Autonomous and Connected Vehicles: Top 4 Legal Issues


The rapid emergence of increasingly automated and connected vehicles promises to upend the automotive industry and revolutionize mobility and transportation. Some forecasts project that there could be as many as 21 million driverless cars in the United States and 27 million in Europe over the coming decade, and by 2050 the autonomous vehicle (AV) industry could be worth $7 trillion.

This mobility revolution will bring a range of benefits, from increased road safety to greater fuel efficiency and reduced traffic congestion. But the rise of autonomous and connected vehicles also raises a host of novel legal issues that will need to be resolved before the new order fully takes hold. As one legal commentator put it, “the development of driverless cars threatens to tear up the rule book.”

In the U.S., federal legislation will eventually be required before autonomous vehicles can truly go mainstream. However, until now the federal government has left it largely to the states to work things out, with the National Highway Traffic Safety Administration, a division of the Department limiting itself to issuing guidelines. Laws and regulations remain fragmented and to some degree inconsistent across a patchwork of state directives and voluntary guidelines. The challenge for governments is how to find a balance between over-regulating an emerging market and impeding its growth and adoption, or not sufficiently protecting the consumer.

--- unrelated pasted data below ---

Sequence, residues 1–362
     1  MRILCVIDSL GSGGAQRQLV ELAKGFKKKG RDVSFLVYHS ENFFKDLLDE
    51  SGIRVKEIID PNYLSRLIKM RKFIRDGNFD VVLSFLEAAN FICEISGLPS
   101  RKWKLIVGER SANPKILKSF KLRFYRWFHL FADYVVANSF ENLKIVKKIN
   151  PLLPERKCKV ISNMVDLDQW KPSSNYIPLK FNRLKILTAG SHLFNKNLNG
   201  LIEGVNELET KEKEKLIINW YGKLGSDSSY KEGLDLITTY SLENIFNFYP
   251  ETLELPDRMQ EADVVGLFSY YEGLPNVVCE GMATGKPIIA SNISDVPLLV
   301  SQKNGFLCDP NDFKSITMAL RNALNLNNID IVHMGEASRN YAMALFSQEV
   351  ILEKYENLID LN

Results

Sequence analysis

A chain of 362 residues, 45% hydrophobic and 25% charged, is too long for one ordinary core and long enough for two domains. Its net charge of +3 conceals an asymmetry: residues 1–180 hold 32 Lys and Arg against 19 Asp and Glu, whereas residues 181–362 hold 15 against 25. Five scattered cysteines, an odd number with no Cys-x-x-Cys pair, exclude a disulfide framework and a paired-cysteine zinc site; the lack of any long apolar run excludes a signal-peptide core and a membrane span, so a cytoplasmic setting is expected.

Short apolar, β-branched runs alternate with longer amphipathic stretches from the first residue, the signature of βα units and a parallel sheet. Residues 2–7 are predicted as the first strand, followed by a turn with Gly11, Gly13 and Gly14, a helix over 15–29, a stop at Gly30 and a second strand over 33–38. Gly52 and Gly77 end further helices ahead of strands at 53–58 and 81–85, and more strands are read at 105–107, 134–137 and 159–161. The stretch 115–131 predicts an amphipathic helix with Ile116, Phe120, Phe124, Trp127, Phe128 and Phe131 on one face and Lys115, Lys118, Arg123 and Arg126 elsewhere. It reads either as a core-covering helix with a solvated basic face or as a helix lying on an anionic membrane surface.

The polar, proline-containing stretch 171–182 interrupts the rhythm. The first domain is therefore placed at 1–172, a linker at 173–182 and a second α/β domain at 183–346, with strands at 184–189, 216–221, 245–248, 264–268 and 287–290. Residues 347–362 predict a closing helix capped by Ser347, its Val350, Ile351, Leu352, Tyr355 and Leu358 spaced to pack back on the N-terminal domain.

Here’s a look at four of the most pressing legal and regulatory issues that will need to be addressed before autonomous and connected mobility becomes truly mainstream.

1.       Liability

Who is ultimately responsible if a car crashes? Traditionally, it’s the driver, except in cases where a product defect is the cause of the accident. However, as cars become increasingly autonomous, it’s likely (and logical) that responsibility will shift toward the manufacturer, since the manufacturer’s product – that is, the car – is “driving” itself. If the vehicle makes a bad “decision” whether due to a product defect or the inherent limitations of the technology, can the driver be held responsible?

A major complication, however, is that for the foreseeable future the extent to which a given vehicle is “autonomous” and this the degree of engagement expected of the driver, will vary. There are five levels of automation established by experts in the field, ranging from No. 1, “No Automation” (the human driver performs all the driving tasks), at one end to No. 5, “Fully Autonomous” (the vehicle is capable of performing all driving functions in all conditions), at the other. For the levels 2-4, the human driver has progressively less need to take over from the automated system. But should drivers be expected to take over in certain situations? And can they be expected to know that?

Adding another layer of complexity, which parties in the AV supply chain (carmakers, tier 1 manufacturers, software companies, etc.) should be held responsible?

A related question has to do with criminal culpability. For example, if a driver of an autonomous vehicle is found to be intoxicated at the “wheel,” can they be held criminally culpable in case of an accident even though they are not actually “driving” the vehicle?

2.       Insurance

The issue of liability inevitably raises questions around insurance. Currently, the driver/operator of the vehicle is required to have insurance under the “user-liability model.” But again, if a vehicle is being controlled by a computer or automated system, it makes sense to extend that requirement to the carmaker. But to what degree?